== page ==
At present, some butcheries are putting over 100 percent mark up. Butchery
owners gave various reasons to justify the increases.

"Prices are going up for other things, so we have to do like wise," said a
city butchery owner. "Abattoirs have not hiked the price of beef but
overheads for us have gone up. So we have to make up for this."

Other butchery owners cited transport costs and the need to make a good
return on their purchases.

"When inflation is low its reasonable to make a mark-up of say 8 or 10
percent," said one butchery owner in Mabvuku. "But when it's high as it is
now, you have to increase accordingly, otherwise you will not be able to
purchase more goods."

However, consumers say there is no reasonable justification for butcheries
to hike the price of beef.

They accuse the business sector of speculative pricing, profiteering and
being generally greedy when it comes to pricing.

Consumers also condemned the business sector for believing that price
increases were the only panacea to viability problems.

"We know things are tough in the business world," said Mrs Jane Matare of
Greendale. "But the situation does not warrant regular and unjustified

Private abattoirs dominating the beef industry increased beef prices for all
grades by 15 percent in March 2001. By then, the wholesale prices for
economy beef rose to $66 a kg from $57 while commercial beef price went up
to $80 a kg from $68.

At the time, retailers paid $110 a kg up from $95 and up to $120 a kg for
super and choice beef grades.

It was common for butcheries to increase prices by around $45 for economy
and commercial grades and for up to $55 for super and choice grades.

A year later, greed and speculative motives have crept into the whole
pricing system pushing prices of beef to unimaginable and unjustified

"It's the 'everything-is-going-up syndrome' which is driving us to charge
unrealistic prices," said Mrs Matare. "It's pure greed and sheer drive for

Last year, a retailer would put up a margin of $45 for lower grades and $55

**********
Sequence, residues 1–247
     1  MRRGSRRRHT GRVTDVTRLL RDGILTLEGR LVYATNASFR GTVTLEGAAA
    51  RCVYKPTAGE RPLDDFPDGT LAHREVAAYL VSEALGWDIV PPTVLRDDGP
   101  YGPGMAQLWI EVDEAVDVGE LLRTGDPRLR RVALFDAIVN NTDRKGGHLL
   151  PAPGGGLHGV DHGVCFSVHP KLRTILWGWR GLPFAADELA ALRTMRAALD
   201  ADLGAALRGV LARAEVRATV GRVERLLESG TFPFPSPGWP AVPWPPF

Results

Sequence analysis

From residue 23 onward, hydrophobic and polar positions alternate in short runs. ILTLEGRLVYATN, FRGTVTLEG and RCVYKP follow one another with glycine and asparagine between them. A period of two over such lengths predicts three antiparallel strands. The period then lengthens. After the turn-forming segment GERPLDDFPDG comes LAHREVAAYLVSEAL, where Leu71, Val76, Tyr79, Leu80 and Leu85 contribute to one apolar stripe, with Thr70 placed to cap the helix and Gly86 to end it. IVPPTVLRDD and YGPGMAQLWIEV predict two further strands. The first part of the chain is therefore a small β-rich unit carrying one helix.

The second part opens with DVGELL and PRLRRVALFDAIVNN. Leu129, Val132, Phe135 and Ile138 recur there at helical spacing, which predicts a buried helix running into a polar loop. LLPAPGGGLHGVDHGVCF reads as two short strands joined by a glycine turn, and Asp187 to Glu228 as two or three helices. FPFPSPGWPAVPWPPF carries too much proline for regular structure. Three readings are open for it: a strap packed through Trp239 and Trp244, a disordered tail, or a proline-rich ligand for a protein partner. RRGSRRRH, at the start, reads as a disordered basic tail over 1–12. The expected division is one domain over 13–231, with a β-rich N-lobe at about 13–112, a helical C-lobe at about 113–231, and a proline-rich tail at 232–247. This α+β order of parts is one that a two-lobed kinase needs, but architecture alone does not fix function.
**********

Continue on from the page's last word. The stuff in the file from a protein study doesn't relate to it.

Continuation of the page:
for high quality beef grades. Presently, butcheries are putting margins of
between $400 and $1 000 a kg for both low and high quality beef grades.

The Government was forced to impose a price freeze on a whole range of
products and services to protect consumers from profiteering by
manufacturers and distributors.

The price of the listed goods and services cannot be increased for the next
six months.

"Butchery owners are charging whatever they feel like," said Mrs Joana
Muregerera of Mufakose. "They adjust prices everyday and it's now difficult
to budget or plan."

However, beef prices will stabilise as efforts are being made to rebuild the
national herd.

The Livestock Development Trust (LDT) is at the forefront of the rebuilding
efforts. It has so far distributed at least 15 000 beasts to about 8 000 new

Zimbabwe's national herd was depleted following the 1992 drought, the worst
in living memory, which reduced the number of cattle to about five million.

At least 1,6 million livestock died during the 1992 drought.

The national herd is estimated to be 5,7 million with an asset value of $60
billion. Of the 5,7 million cattle, 4,5 million is found in the communal and
resettlement areas while the remaining 1,2 million is in the commercial
farming sector.

The Government this year allocated $450 million to the trust that was
established last year to assist new farmers to get livestock on credit.

Under the programme, farmers who require livestock apply to the trust
stating the type and number of cattle they require.

The trust would then either allocate the cattle or ask the farmers to look
for the cattle themselves for which the trust would pay.

The scheme also includes a number of other programmes, such as cows
supplementation and artificial insemination.

The massive national herd restocking investment exercise has resulted in the
empowerment of the resettled farmers as they now have access to loans they
could not get before because of the collateral demanded by financial

This empowerment policy is also being developed to promote livestock
production for the lucrative multi-billion dollar beef industry, which is a
foreign currency earner.

Zimbabwe and Libya recently signed a deal that would see the former
supplying the latter with a quota of 5 000 tonnes of beef per year.